Pluralistic: 21 Mar 2022

Today's links

A silhouette of a shrugging man in front of a wildfire.

Podcasting "What Is Peak Indifference?" (permalink)

This week on my podcast, I read my recent Medium column, "What Is Peak Indifference?" in which I try to unpack my 2016 theory of change about the role that "self-radicalization" plays in addressing thorny problems.

Many of our most urgent problems embody a paradox: while these problems are urgent (in the sense that they are matters of life-or-death), they're also part of causal chains that are so long that they're hard to trace and understand.

Think of smoking: the link between a lungful of smoke and a lung-tumor is separated by so much time and space that there is plenty of room for denial to take hold (especially when the denial is amplified and reinforced by Big Tobacco's disinformation campaigns).

The same goes for nuclear disarmament, the climate emergency, corporate monopolization and many other serious – even existential – problems.

But because these are problems, ignoring them allows them to fester and worsen. Eventually, the number of people who recognize their existence and seriousness starts to go up of its own accord, without any need for activist agitation or public education campaigns.

What's the force that radicalizes people to care about these subjects? The festering problem itself. A stage-four lung cancer diagnosis is more compelling than any talk about smoking cessation with your family doctor. Likewise, the wildfire that wipes out your town is more convincing than even the best Greta Thunberg speech.

That moment – when the consequences of a neglected problem visit trauma upon a rapidly expanding cohort of people, turning them from bystanders into partisans – is the moment of peak indifference. It's the moment where the number of partisans increases of its own accord.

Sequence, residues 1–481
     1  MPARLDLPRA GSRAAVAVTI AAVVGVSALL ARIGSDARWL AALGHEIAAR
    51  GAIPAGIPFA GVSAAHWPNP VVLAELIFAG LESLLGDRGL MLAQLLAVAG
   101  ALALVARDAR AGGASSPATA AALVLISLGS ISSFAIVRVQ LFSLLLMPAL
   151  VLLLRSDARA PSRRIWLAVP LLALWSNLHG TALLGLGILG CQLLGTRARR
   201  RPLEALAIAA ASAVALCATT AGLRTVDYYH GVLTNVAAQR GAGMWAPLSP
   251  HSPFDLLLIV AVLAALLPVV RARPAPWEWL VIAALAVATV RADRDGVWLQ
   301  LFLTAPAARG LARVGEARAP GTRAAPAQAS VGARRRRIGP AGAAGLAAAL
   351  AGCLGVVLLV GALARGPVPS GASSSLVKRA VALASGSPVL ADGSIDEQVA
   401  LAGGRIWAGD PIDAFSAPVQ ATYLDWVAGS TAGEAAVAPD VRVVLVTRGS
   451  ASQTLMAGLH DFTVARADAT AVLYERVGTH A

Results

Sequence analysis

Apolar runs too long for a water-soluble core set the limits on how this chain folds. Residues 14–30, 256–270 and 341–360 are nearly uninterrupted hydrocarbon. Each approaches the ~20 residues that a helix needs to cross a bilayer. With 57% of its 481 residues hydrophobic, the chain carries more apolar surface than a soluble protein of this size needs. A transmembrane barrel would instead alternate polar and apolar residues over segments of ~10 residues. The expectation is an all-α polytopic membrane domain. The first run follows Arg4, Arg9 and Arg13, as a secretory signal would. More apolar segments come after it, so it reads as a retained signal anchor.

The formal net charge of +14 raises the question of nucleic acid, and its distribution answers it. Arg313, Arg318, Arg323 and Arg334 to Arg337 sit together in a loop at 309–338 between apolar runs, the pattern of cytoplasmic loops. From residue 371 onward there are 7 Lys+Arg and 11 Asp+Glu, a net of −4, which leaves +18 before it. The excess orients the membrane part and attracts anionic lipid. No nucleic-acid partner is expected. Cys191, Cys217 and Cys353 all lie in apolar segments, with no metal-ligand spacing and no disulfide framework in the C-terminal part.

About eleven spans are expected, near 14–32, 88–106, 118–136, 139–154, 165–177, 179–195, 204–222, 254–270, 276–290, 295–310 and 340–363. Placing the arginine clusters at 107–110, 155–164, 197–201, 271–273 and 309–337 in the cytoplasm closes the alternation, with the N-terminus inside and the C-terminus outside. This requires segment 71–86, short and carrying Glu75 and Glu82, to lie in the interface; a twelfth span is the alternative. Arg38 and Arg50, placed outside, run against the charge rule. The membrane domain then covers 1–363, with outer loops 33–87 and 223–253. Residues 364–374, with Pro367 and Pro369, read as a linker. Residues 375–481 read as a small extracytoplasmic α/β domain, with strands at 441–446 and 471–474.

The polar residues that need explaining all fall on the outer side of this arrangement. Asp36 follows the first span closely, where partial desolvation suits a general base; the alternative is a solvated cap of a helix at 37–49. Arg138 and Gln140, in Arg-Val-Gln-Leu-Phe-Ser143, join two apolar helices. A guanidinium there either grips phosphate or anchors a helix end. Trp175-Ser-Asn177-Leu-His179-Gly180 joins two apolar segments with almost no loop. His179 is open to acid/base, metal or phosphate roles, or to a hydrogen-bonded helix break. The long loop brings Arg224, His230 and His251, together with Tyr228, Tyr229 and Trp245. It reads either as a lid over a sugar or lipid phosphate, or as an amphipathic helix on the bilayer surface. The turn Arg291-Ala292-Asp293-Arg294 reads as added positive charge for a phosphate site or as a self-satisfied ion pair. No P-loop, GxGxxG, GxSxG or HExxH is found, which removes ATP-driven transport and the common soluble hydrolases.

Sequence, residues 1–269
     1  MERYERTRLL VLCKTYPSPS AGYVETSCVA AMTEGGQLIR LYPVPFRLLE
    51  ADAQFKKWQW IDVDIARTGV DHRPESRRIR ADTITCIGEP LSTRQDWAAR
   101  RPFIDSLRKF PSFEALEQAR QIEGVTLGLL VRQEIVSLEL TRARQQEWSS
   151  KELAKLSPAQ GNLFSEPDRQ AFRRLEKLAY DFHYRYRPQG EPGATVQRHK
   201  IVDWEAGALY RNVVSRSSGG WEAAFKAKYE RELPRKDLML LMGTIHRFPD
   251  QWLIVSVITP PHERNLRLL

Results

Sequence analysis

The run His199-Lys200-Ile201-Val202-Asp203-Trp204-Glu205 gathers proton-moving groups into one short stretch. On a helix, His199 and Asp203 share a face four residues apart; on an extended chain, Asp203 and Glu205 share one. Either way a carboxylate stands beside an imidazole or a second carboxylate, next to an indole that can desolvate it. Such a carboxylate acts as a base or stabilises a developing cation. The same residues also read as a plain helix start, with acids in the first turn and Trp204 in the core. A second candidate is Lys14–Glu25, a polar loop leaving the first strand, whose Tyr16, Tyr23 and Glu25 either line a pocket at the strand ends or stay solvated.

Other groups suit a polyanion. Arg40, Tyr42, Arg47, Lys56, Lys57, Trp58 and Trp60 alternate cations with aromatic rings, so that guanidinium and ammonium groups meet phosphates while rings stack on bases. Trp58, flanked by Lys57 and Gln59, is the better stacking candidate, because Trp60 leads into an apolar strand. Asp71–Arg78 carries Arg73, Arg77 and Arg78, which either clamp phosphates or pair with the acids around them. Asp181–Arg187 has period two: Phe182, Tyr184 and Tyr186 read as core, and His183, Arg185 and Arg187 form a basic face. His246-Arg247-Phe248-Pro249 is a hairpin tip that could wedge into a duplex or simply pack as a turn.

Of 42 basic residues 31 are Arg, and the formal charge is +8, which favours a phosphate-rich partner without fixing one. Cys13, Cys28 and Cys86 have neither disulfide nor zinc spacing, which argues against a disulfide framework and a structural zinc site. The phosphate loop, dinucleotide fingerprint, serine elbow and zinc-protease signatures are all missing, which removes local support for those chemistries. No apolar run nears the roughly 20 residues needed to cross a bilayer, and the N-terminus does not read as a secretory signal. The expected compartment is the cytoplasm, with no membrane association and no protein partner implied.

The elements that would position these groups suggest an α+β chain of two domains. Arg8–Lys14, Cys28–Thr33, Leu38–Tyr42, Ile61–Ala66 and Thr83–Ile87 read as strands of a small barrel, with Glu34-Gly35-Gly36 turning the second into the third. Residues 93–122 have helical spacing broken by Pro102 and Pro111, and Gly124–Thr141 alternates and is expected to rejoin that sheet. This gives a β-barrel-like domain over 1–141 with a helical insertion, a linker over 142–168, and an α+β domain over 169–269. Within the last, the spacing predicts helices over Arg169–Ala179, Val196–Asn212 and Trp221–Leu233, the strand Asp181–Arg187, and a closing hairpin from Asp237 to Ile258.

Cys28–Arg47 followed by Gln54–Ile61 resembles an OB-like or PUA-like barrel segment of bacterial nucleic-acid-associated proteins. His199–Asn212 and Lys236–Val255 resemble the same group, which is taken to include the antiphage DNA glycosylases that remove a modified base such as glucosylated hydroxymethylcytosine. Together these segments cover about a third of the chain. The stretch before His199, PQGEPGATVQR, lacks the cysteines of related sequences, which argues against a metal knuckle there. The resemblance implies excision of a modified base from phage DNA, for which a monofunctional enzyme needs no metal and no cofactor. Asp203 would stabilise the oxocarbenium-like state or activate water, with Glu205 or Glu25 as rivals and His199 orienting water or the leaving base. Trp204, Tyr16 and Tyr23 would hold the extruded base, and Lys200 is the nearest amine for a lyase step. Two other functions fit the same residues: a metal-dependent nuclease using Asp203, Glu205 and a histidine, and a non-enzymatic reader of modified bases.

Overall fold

But we can't rely on peak indifference to spark action, for two important reasons:

I. Trauma makes it harder to think clearly. Losing your town to a wildfire won't necessarily make you an anti-fossil-fuel crusader – it might just as easily turn you into an ecofascist, advocating for closed borders, violent depopulation and conquest of high-ground to protect you and yours.

II. The point of peak indifference is often beyond the point of no return, and that can lead to nihilism ("Why bother quitting now that I've got cancer?" or "Now that there's only one rhino left, we might as well find out what he tastes like").

An activist understanding of peak indifference demands that we work to hasten the moment of peak indifference, by helping people imagine the trauma before they actually experience it. For me, that involves narrative work: spinning utopias ("We can fix this") and dystopias ("We must fix this…or else").

But all the other activist tactics fit in this frame, too: education, organizing conversations, etc.

And the point of that activism isn't just to create partisans. It's to channel the sense or urgency into positive, anti-nihilistic directions: to counter ecofascism with climate justice, land healing, and remediation.

Here's the podcast episode:

Here's a direct link to the MP3 (hosting courtesy of the Internet Archive; they'll host your stuff for free, forever):

And here's the RSS feed for my podcast:

(Image: Cameron Strandberg/CC BY 2.0, modified)

EFF's content moderation banner, a tiled pattern of speech balloons, magnifying-glass search icons, scales of justice, and broken image icons.

To make Big Tech better, make it smaller (permalink)

Back in 2018, Frank Pasquale published "Tech Platforms and the Knowledge Problem," in which he proposed a taxonomy of tech reformers: some of us are "Jeffersonians" and others are "Hamiltonians" (in 2018, this was a very zeitgeisty taxonomy!).